Analysis-Arrests in Tunisia raise opposition fears of broader crackdown According to Reuters

© Reuters. FILE PHOTO: Tunisia’s President Kais Saied makes a proclamation on coronavirus vaccinations in Brussels, Belgium on February 18, 2022. REUTERS/Johanna Geron/Pool/File Photo

By Angus McDowall and Tarek Amara

TUNIS (Reuters) – The coordinated arrests of political and media figures represent a new phase in Tunisian President Kais Saied’s struggle with a scattered but encouraged opposition that has sparked raised concerns about a broader campaign to quell dissent.

Since Saied closed parliament 18 months ago, shifting to rule by decree before rewriting the constitution, security forces have acted sporadically against opponents who accused him of an undemocratic coup.

Saied has denied a coup, saying his actions were legal and necessary to save Tunisia from chaos. He promised to uphold the rights and freedoms won during the 2011 revolution that brought democracy.

However, the wave of arrests since Saturday represents a new tough move against his critics and an escalation from the pressure campaign that has built up in recent months with the travel ban. and investigation.

Police arrested opposition politicians, an influential businessman, the head of Tunisia’s most important independent press, two judges and an official from a powerful labor union.

While authorities have not yet commented on the arrests, lawyers for some of the detainees said they were charged with conspiring against state security.

A lawyer for Noureddine Boutar, head of Tunisia’s main independent news agency Mosaique FM, said he had been questioned about his radio station’s financial and editorial policies, including how guests were selected. .

Mahdi Jlassi, head of Tunisia’s journalists’ association, said: “What happened is dangerous… The message from the authorities to disobedient journalists is that this will be the fate of the journalists. Friend”.


The arrest comes at a difficult time for Saied.

His ultra-low 11 percent turnout in parliamentary elections under his new political system has been derided by the opposition as proof that the president’s changes lack popular support. they.

UGTT’s powerful labor union has threatened direct action against Saied over his economic plans, his refusal to offer political dialogue and the arrest of one of its officials. senior last month.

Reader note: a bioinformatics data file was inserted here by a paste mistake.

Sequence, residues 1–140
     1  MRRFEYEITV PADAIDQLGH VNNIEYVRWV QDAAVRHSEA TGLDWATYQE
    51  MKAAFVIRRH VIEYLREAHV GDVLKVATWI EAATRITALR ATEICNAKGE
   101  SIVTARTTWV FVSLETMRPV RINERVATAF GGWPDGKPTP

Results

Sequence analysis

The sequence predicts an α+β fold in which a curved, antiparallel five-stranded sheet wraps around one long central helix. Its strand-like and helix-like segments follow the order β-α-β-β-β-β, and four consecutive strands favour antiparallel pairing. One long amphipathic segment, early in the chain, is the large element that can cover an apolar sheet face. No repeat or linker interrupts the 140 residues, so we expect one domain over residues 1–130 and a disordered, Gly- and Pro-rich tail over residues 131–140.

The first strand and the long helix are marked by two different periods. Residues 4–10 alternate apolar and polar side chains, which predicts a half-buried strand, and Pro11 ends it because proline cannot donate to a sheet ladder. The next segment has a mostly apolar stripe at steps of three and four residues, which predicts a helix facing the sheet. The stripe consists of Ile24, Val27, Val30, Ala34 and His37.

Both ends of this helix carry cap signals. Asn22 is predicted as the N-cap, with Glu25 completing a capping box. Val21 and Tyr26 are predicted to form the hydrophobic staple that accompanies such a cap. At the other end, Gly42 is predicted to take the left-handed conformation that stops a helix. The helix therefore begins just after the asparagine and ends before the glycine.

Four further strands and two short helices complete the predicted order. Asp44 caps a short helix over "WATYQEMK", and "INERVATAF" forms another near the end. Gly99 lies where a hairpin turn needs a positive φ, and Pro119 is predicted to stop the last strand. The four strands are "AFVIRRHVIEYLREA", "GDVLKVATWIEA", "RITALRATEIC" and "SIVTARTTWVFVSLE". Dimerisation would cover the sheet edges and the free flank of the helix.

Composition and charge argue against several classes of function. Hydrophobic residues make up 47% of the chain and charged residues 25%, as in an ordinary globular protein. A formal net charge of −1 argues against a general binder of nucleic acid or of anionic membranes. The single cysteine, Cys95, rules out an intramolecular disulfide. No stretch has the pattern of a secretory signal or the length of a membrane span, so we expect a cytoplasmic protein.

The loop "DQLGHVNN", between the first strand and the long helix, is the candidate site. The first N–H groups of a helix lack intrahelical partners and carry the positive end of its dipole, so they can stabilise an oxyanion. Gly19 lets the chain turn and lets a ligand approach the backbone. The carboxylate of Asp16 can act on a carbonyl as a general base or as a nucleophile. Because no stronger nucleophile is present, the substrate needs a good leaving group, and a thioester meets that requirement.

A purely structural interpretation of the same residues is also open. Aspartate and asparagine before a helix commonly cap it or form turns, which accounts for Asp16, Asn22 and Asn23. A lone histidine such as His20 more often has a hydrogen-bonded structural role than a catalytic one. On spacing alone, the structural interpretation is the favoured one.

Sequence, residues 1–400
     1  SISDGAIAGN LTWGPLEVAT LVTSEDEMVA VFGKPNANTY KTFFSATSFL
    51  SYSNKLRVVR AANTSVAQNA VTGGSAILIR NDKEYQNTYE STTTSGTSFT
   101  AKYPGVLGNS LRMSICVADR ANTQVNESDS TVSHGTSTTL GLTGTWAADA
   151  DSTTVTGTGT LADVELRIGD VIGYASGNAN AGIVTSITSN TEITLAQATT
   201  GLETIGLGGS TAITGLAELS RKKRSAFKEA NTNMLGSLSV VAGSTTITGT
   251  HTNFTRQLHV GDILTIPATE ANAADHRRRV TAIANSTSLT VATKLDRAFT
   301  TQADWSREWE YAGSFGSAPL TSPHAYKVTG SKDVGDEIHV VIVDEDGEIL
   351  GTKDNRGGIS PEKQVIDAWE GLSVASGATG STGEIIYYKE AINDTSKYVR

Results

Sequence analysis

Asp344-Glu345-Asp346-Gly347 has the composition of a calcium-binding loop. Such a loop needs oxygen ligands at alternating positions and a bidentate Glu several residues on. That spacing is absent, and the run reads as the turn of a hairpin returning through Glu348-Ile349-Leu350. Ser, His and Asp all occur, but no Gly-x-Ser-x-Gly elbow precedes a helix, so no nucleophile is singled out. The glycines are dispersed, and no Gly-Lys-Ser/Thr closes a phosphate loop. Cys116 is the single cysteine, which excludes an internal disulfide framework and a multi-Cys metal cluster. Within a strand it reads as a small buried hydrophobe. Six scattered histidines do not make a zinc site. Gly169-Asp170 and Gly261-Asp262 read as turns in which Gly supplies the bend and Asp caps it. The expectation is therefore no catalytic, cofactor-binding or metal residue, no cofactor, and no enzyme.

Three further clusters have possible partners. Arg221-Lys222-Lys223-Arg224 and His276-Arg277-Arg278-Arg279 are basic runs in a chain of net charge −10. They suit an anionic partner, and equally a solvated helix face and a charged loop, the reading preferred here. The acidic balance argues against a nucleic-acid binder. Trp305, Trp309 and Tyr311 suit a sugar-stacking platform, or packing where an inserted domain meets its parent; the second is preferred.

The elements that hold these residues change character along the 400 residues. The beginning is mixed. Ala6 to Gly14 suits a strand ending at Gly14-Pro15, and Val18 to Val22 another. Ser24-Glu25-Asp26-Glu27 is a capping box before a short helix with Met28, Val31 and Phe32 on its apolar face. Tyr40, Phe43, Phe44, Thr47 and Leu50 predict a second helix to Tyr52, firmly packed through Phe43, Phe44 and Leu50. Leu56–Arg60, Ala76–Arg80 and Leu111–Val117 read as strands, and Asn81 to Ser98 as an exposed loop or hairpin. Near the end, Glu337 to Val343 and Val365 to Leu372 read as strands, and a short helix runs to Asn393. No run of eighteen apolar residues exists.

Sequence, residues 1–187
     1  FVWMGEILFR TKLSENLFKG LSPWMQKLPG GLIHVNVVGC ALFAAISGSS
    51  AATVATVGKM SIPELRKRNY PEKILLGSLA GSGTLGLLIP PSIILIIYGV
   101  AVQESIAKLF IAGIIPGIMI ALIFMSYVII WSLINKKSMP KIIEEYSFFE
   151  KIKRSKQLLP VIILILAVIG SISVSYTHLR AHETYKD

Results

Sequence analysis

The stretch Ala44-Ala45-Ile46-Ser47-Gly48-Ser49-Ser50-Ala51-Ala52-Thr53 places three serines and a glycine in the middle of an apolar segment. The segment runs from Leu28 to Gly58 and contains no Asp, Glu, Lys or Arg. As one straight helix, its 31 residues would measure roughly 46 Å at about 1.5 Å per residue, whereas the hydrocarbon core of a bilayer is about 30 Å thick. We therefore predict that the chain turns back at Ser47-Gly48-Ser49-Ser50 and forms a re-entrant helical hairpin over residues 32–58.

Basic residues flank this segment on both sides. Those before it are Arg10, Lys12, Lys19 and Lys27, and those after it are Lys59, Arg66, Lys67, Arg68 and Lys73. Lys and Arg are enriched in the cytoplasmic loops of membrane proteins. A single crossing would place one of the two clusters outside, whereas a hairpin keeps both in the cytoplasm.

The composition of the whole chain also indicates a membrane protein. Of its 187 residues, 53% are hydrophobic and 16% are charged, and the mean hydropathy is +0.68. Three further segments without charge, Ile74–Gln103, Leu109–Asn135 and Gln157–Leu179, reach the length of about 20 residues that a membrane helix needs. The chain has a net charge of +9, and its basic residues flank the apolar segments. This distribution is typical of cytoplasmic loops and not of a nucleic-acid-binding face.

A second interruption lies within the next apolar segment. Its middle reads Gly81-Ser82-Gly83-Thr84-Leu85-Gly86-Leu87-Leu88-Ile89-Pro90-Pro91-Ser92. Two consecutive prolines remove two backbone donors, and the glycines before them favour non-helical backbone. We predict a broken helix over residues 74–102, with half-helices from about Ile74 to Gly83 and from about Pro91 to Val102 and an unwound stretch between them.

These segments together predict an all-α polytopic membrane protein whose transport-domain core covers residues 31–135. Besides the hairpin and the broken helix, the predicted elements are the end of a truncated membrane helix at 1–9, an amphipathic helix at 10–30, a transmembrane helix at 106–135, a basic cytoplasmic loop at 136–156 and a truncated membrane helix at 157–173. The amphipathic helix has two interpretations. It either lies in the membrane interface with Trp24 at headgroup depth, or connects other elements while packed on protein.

Efforts to secure a foreign bailout for state finances have stalled, with rating agencies saying Tunisia is at risk of default even as an economic crisis has stoked state debt. shortage.

Internationally, Tunisia is rarely more isolated, with Western aid curtailed, no sign of Gulf support and a fresh spat last week with its main ally and neighbour. Algerian.

Meanwhile, part of the long-fractured opposition is starting to talk about ways to put aside their old animosities to coordinate action against Saied, leading opposition figure Nejib Chebbi told Reuters.


Saied’s critics fear the arrests mean his fiery rhetoric disparages the enemy as traitors are entangled in tough action facilitated by his own accumulation of power. him – including his takeover of the judiciary last year.

They worry about his apparent moves to bring the military closer to the government, as evident in his appointment of a senior military official as agriculture minister last month.

“The president’s use of military institutions in political life is harmful to the country as well as to the neutrality and high reputation of the military,” Chebbi said.

Critics also cite the administration’s increased use of military courts to hear political cases since Saied came to power in 2021. Previous governments have also used military courts. but less often.

However, analysts and diplomats say there is no sign that the military is actively seeking a political role.

A more immediate concern for the opposition is security forces – the police and other internal agencies responsible for arrests since Saturday.

Many Tunisians still shudder to remember the fear of public criticism, and the abuses faced by dissidents, before the 2011 revolution.

In a statement on Tuesday, the four political parties Attayar, Ettakatol, the Workers’ Party and the Heart of Tunisia, warned that the arrests represent “a dangerous transition from authoritarian populism to regime dictatorial”.

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